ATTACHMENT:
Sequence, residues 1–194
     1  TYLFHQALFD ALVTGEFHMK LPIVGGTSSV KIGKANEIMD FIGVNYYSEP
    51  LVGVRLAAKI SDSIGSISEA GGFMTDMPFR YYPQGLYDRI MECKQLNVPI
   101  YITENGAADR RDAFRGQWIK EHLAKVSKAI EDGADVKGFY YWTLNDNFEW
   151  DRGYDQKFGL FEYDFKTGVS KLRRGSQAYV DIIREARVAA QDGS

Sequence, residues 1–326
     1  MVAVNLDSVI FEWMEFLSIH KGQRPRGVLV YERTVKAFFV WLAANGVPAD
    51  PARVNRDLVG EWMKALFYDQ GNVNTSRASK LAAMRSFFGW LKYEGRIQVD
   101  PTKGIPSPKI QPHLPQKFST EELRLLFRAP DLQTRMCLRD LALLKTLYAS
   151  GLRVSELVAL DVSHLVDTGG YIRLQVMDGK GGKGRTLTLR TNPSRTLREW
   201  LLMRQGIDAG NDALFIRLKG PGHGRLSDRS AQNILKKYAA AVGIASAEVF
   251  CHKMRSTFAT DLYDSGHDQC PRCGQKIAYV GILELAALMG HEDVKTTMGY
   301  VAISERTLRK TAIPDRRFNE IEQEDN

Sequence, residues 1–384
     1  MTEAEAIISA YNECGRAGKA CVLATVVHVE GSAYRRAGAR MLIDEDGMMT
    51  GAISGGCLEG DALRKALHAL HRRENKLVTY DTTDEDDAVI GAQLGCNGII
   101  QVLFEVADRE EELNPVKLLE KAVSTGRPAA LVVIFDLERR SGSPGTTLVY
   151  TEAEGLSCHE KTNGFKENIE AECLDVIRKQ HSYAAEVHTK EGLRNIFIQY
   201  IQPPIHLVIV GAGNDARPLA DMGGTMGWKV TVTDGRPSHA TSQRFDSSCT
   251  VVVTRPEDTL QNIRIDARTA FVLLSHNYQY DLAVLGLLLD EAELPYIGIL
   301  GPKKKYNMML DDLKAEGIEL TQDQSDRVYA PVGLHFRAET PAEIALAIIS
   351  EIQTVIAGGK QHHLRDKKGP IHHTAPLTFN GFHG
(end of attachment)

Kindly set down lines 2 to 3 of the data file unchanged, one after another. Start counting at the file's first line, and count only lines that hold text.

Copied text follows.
     1  TYLFHQALFD ALVTGEFHMK LPIVGGTSSV KIGKANEIMD FIGVNYYSEP
    51  LVGVRLAAKI SDSIGSISEA GGFMTDMPFR YYPQGLYDRI MECKQLNVPI